Though the bill will be put to further scrutiny by senators and members of Parliament, the decision brought protestors to the streets of Paris yet again. Many French rightfully fear passing this bill will only limit the freedoms of the press, as well as the voice of the citizens against injustice while holding police accountable for their brutality. 

As many as 45,000 protestors gathered in Paris only to be met with overbearing police presence leading to further violent clashes between police and civilians. Countless journalists and photographers took to social media to condemn police behavior at the protests. 

Many accounts told of how police prevented them from doing their jobs and did not allow press-identified people to film or document any of the events. This obstruction of their protest coverage led to multiple cases of police brutality going unseen. 

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Unsurprisingly, international organizations openly affirmed the concerns of French protestors. Many groups such as the United Nations High Commissioner for Human Rights, the European Union, Reporters without Borders, Amnesty International, The Human Rights League and numerous journalist unions, just to name a few, expressed concern for the bill’s possible infringement of rights and freedoms of the citizen. 

The issues of France eerily, but unsurprisingly, parallel the recent movements in the U.S. Police brutality, systematic racism and mass public outrage is pretty much exactly what Americans have been seeing for years, particularly following the unjust death of George Floyd over the 2020 summer. While these two nations have differences in their social issues, the rising call for equality and justice is the same. 

If we are truly interested in facilitating change and forward progress, we must strengthen the voice of all citizens — not restrict it further. The bill up to pass will only restrict the citizens in defending themselves, as well as one another. At this moment, it is overwhelmingly important that we are holding offending parties accountable. Allowing systematic racism and overuse of violence by police to continue without being held accountable by the citizen will only worsen the dynamics between citizen and officer. We should be learning from history, as well as our fellow nations, on how to provide justice to all people.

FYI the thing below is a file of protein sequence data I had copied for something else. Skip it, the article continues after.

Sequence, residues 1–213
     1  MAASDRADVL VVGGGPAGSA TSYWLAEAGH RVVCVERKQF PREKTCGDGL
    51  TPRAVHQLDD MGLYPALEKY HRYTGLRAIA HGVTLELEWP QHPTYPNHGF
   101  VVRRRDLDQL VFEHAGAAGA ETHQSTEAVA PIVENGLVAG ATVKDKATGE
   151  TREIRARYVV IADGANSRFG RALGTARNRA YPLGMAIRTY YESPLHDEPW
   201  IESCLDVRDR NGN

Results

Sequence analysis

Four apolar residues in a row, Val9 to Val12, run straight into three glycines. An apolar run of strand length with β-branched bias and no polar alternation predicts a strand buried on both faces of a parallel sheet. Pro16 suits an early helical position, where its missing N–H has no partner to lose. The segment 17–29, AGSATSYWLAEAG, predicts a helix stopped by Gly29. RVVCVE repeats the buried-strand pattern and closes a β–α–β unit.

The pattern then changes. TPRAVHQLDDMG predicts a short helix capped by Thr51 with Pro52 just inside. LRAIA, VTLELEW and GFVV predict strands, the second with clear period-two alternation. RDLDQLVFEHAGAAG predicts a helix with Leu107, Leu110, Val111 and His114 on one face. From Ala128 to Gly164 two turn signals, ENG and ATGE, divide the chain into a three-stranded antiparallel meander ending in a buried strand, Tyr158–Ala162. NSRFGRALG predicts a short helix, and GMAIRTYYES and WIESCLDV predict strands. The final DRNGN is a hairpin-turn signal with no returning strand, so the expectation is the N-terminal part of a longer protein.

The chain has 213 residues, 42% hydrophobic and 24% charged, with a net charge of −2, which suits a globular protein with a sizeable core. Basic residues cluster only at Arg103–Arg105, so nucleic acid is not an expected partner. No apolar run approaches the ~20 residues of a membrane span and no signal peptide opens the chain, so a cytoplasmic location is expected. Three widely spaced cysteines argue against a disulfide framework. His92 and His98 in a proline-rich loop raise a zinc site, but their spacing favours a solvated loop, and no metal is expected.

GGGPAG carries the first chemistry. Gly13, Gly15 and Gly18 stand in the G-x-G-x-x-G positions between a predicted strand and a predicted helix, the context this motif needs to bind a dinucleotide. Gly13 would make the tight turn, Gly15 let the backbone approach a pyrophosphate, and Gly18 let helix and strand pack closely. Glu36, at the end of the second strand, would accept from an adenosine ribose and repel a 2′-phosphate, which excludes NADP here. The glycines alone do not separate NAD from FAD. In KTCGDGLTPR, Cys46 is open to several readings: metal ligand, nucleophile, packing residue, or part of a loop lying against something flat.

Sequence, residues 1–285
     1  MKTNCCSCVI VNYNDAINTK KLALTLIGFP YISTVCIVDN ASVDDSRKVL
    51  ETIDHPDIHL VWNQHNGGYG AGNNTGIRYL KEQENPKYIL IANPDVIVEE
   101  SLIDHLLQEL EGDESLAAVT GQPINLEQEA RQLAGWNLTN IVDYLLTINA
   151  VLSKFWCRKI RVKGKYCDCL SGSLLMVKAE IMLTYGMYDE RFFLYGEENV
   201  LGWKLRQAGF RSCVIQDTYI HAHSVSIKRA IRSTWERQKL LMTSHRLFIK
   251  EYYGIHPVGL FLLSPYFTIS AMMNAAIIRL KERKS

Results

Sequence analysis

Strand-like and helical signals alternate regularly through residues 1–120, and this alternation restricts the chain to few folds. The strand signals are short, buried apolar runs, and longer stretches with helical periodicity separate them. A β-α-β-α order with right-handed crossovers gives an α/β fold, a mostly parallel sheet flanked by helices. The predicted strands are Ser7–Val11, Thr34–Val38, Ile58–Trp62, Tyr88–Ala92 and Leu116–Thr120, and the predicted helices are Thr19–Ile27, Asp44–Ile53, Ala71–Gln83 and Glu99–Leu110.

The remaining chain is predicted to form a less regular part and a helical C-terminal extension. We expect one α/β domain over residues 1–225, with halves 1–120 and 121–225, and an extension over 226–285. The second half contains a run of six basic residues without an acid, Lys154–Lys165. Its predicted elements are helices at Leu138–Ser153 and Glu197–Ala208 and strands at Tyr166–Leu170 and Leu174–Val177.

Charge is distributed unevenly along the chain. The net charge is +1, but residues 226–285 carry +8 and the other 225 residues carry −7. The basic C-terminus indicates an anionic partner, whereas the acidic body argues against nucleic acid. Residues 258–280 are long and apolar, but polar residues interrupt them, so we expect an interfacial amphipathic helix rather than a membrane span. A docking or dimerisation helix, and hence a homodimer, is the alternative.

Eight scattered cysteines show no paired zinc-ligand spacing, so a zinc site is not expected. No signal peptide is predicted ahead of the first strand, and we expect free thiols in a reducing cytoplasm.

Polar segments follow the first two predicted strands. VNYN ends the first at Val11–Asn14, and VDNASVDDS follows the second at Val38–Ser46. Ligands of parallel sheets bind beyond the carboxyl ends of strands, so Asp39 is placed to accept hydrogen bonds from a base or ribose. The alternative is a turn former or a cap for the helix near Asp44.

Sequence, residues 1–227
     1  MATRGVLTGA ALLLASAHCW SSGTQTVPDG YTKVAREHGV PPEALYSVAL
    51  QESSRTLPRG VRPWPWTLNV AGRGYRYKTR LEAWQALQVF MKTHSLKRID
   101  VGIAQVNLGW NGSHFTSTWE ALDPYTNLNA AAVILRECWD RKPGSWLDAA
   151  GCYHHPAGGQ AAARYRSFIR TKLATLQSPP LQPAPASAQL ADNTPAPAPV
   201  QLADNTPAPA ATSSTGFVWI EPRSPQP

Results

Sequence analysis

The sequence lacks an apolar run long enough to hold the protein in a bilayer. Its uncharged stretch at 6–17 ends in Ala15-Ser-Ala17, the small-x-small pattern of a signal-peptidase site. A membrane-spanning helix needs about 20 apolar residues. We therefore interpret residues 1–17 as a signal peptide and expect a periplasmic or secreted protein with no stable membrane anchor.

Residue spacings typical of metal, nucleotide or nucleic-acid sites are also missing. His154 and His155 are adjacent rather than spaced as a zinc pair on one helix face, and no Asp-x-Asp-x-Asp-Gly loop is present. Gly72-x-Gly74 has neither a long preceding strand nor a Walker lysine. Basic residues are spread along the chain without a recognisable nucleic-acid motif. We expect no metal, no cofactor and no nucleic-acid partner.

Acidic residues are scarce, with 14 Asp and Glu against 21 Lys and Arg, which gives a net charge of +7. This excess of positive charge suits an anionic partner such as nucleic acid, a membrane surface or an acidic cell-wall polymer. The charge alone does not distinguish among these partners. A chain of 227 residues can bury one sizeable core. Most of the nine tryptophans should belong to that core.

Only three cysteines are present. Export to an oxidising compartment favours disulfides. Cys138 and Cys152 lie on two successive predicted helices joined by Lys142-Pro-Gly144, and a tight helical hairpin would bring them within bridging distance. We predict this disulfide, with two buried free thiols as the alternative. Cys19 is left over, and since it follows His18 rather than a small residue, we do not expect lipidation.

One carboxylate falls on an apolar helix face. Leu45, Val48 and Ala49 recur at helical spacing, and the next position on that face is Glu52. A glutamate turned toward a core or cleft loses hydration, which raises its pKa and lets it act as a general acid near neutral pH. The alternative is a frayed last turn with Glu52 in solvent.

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Both the U.S. and France are founded on the principles of liberty, freedom and democracy for all. Those unalienable freedoms were acquired and protected through the citizens’ rights to speak up and criticize their leadership. How many protests and riots need to happen before the message is received? Equality and fair treatment are basic rights owed to the citizen. It’s not asking for much, is it? The world is watching these movements grow and now more than ever there is a chance for change. Let us come together to find the desperately sought-after equality and set an example for the rest of the world watching. Fair treatment for all is an achievable future for us, but we must seize our moment.

Follow Lauren Borelli on Twitter

Lauren Borelli
Lauren Borelli

 Lauren is a political science major from Baltimore.